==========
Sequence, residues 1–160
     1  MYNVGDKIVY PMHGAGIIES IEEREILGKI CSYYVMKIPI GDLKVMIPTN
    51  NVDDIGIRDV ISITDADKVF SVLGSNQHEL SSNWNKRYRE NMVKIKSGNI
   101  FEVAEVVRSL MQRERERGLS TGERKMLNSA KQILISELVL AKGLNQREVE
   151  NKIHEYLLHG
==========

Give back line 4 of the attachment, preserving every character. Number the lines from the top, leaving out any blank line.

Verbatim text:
   101  FEVAEVVRSL MQRERERGLS TGERKMLNSA KQILISELVL AKGLNQREVE